Each day of the summit will begin with 2:15 minutes of silence to honor the 215 children whose remains were recently discovered at the Kamloops residential school in Canada.  

This year, organizers for the summit made the registration fee “pay what you can” in response to the toll the Covid-19 pandemic has taken on the music industry. You can register and learn more about the summit at its website. 

                               A Grand Entry in the 2018 NCGLNAC Gathering of Great Lakes Nations (Photo/Linda Andrews, NCGLNAC board co-chair)

17th Annual NCGLNAC Gathering of Great Lakes Nations 

WHEN: Saturday, June 12 from 10 a.m. to 9 p.m. and Sunday, June 13 from 10 a.m. to 4 p.m. ET

WHERE: 1010 Morton St., Tri-State Gas Engine Association Grounds, Portland, Ind. 

All are welcome at the National Center for Great Lakes American Culture (NCGLNAC)’s 17th annual powwow for a weekend of dancing, appreciating Native history and art, and more. Drumming will be provided by Blue Heron, Strong Heart, and Southern Singers, as well as any walk-in drummers in attendance.

Admission is $3 except for children under 12, and food provided will include venison chili, wild rice soup, and pie. Native quillwork and basket artisans and vendors selling dance shawls and jewelry will be present, and pre-1840s reenactment camp will present a pre-contact Native lifestyle. Other activities include a silent auction raffle, a Native talent contest, and childrens’ craft activities. See this flyer for more information.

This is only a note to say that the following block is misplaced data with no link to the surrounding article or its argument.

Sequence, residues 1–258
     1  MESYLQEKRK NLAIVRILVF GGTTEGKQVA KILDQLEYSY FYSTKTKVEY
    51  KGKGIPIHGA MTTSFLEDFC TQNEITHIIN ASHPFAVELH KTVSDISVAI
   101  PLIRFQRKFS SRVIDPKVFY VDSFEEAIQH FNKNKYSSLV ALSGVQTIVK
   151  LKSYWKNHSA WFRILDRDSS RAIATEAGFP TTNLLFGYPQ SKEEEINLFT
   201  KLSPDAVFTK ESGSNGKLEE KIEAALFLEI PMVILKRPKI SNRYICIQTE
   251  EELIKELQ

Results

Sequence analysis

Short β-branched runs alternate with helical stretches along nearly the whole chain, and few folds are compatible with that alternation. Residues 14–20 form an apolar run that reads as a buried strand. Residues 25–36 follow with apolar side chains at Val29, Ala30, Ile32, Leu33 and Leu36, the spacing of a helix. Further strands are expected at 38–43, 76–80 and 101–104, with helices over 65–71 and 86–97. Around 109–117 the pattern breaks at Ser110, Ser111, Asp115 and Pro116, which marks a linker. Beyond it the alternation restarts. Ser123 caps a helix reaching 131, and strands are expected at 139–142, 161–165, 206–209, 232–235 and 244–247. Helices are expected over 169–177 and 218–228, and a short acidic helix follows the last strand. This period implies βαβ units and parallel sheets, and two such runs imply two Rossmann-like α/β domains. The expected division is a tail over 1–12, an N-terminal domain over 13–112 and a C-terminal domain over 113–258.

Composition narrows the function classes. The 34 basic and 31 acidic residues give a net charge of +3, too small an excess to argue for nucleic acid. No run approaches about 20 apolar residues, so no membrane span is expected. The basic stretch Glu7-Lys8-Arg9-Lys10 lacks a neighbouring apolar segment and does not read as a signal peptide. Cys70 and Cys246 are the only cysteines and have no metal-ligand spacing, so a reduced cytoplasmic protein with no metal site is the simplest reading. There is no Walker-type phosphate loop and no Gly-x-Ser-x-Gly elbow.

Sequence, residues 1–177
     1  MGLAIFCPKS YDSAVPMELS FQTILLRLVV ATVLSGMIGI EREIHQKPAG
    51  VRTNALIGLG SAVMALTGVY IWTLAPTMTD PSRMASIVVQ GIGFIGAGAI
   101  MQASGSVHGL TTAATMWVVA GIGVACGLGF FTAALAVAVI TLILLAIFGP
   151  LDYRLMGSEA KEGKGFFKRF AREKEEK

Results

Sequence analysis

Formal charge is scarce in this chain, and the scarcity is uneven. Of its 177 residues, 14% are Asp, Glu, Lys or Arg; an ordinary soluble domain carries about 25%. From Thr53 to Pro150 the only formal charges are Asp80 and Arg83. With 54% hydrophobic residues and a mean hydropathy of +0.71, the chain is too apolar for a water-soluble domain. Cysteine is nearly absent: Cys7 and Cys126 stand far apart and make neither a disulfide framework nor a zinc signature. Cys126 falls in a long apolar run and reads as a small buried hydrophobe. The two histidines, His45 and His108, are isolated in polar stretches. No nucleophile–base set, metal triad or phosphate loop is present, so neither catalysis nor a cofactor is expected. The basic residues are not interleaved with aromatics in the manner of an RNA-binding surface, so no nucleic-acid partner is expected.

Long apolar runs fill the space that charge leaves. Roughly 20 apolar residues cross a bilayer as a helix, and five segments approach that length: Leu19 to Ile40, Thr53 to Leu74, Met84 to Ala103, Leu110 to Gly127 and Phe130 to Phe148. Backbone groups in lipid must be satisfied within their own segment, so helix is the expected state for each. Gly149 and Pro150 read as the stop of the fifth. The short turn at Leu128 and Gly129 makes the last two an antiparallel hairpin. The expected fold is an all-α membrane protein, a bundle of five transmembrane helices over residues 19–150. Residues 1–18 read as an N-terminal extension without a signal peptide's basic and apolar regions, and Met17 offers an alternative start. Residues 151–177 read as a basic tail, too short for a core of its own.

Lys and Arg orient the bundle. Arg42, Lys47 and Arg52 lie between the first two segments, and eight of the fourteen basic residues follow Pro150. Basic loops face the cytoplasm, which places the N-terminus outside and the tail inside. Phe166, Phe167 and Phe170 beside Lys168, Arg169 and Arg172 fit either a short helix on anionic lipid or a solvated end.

More Stories Like This

Mark Ruffalo, Sarah Eagle Heart Co-producing Film on Present-Day Fight for Black Hills
PHOTO RECAP: First Americans Museum’s Grand Opening Weekend
California Art Center Hosts Controversial Leonard Peltier Exhibition
'Reservation Dogs' Cast Brings Indigenous Voice to 2021 Emmy Awards
Anishinaabe Sculptor Jason Quigno Represents Contemporary American Indian Culture at ArtPrize

Native Perspective.  Native Voices.  Native News. 

We launched Native News Online because the mainstream media often overlooks news that is important is Native people. We believe that everyone in Indian Country deserves equal access to news and commentary pertaining to them, their relatives and their communities. That's why the story you’ve just finished was free — and we want to keep it that way, for all readers.  We hope you'll consider making a donation to support our efforts so that we can continue publishing more stories that make a difference to Native people, whether they live on or off the reservation. Your donation will help us keep producing quality journalism and elevating Indigenous voices. Any contribution of any amount — big or small — gives us a better, stronger future and allows us to remain a force for change. Donate to Native News Online today and support independent Indigenous journalism. Thank you.

About The Author
Andrew Kennard
Author: Andrew Kennard
Reporting Intern
Andrew Kennard is a reporting intern for Native News Online. Kennard is pursuing a degree in Multimedia Journalism at Drake University and has worked as a staff writer for the Times-Delphic, the Drake student-produced weekly newspaper. This fall, he will work as the Times-Delphic’s News Editor.